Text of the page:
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Sheriff: Evidence points to suicide in courtroom for man convicted of arson

Maricopa County Sheriff via AP file

Michael Marin

Investigators believe a defendant killed himself in a Phoenix courtroom shortly after a jury found him guilty of arson, saying their theory is backed up by evidence that includes a canister labeled "cyanide" found in his vehicle more than a week after his death.

Maricopa County Sheriff Joe Arpaio said Tuesday that the family of Michael Marin, 53, received a delayed email from Marin the night after his June 28 death in court. The email led investigators to the vehicle, where they found the canister. It was turned over to the medical examiner's office unopened.

Cari Gerchick, communications director for Maricopa County, said the medical examiner's office could not immediately confirm if the canister indeed contains cyanide. Gerchick said the medical examiner's office is still determining Marin's cause and manner of death.

The email also included information about his will in case things went poorly, Arpaio said.

After being convicted of deliberately burning down his $3.5 million Phoenix mansion, Marin collapsed in court and died.

At the time of his collapse, the judge was ordering that Marin be remanded into our custody, Capt. Brian Lee told Reuters.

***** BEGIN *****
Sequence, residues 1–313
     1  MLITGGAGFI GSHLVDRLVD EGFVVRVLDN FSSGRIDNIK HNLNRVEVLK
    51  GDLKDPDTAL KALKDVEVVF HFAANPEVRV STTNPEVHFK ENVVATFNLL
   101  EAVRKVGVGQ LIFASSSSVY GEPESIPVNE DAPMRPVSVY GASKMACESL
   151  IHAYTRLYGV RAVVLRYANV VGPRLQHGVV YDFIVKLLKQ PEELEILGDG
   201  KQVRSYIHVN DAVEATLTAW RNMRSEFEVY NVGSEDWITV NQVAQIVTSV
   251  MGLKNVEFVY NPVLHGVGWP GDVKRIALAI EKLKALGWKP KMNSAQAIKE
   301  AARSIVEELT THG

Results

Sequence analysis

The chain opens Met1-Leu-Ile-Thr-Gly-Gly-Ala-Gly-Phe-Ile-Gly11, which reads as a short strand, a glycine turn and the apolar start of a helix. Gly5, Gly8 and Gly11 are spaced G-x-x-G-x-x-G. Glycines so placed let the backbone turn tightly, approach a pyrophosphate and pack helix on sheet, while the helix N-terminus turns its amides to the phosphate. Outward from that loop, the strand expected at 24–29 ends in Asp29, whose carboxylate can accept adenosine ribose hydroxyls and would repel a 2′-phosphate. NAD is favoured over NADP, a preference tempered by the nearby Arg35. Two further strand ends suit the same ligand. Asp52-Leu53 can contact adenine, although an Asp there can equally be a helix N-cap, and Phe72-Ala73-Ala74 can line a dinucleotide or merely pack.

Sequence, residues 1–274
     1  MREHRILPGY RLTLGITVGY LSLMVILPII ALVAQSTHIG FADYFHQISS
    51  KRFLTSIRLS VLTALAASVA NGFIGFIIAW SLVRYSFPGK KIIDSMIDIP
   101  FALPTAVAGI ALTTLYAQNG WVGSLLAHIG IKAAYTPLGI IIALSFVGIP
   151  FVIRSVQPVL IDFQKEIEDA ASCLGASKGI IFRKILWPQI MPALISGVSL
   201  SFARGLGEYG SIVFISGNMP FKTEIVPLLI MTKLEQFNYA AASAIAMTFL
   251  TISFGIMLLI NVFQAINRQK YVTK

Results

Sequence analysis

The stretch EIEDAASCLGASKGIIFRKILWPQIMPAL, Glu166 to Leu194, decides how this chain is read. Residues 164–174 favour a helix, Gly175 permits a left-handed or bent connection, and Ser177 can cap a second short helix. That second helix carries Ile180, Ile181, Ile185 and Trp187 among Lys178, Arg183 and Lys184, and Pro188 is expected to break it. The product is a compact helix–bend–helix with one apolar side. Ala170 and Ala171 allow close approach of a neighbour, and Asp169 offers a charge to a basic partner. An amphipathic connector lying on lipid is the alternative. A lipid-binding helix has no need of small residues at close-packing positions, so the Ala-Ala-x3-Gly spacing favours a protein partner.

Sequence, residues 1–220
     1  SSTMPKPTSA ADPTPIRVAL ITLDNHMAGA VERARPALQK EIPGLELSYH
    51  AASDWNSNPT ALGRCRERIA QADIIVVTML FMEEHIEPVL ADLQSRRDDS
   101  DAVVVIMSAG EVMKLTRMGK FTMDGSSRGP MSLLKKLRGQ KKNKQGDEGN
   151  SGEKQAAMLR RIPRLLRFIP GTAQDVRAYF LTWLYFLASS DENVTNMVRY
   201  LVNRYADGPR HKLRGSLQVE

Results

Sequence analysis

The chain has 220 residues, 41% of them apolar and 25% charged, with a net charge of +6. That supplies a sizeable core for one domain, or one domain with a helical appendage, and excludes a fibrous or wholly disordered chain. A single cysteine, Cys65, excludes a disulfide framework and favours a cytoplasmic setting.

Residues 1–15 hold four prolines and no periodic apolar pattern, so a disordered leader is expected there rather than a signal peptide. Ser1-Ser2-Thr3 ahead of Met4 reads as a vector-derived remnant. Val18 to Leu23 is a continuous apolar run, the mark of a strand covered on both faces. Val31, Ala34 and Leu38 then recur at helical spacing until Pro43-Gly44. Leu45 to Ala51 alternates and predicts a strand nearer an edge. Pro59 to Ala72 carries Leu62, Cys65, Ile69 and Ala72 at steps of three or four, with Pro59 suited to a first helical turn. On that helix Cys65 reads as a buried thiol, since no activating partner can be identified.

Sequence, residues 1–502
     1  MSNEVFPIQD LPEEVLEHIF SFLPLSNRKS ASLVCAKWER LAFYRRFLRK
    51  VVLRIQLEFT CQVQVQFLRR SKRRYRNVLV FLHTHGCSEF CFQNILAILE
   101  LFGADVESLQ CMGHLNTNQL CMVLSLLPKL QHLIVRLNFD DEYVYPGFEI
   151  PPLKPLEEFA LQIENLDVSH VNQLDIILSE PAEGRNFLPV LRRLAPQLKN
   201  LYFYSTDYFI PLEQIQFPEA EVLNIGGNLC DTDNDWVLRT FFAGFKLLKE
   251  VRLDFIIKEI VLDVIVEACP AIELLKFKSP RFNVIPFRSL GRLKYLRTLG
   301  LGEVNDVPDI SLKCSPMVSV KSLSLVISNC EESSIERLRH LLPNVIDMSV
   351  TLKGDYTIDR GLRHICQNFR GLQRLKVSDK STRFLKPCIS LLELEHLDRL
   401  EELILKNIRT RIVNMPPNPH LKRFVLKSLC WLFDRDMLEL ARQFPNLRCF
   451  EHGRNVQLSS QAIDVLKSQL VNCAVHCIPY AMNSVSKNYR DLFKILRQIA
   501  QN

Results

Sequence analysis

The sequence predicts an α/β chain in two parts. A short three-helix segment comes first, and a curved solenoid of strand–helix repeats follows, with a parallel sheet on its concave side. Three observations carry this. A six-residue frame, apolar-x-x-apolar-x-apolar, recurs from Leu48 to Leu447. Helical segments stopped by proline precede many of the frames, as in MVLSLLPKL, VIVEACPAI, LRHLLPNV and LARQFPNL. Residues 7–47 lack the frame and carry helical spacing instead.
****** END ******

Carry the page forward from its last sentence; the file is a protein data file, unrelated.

"It's really sad," Arpaio said Tuesday, according to AZfamily.com.

"You have to feel bad for the family. I don't know why he did it," he added.

According to AZfamily.com, Arpaio said the poison was purchased for $68 from a California-based supplier in 2011 with Marin's personal credit card.

Video from inside the courtroom showed Marin putting his hands over his eyes after the guilty verdict was read and then covering his mouth with both hands.

Arizona man dies after arson conviction: police

AP Photo/Phoenix Fire Department

This July 2009 image provided by the Phoenix Fire Department shows the burned $3.5 million Phoenix mansion owned by Michael Marin.

Marin's mansion burned down in July 2009. "Marin couldn't pay his mortgage, so he burned down his house," the Arizona Republic newspaper quoted the prosecution as saying.

The newspaper reported that Marin barely escaped by climbing down a rope ladder from the second floor while wearing a scuba tank and diving mask to protect him from smoke inhalation.

The Associated Press and Reuters contributed to this report.

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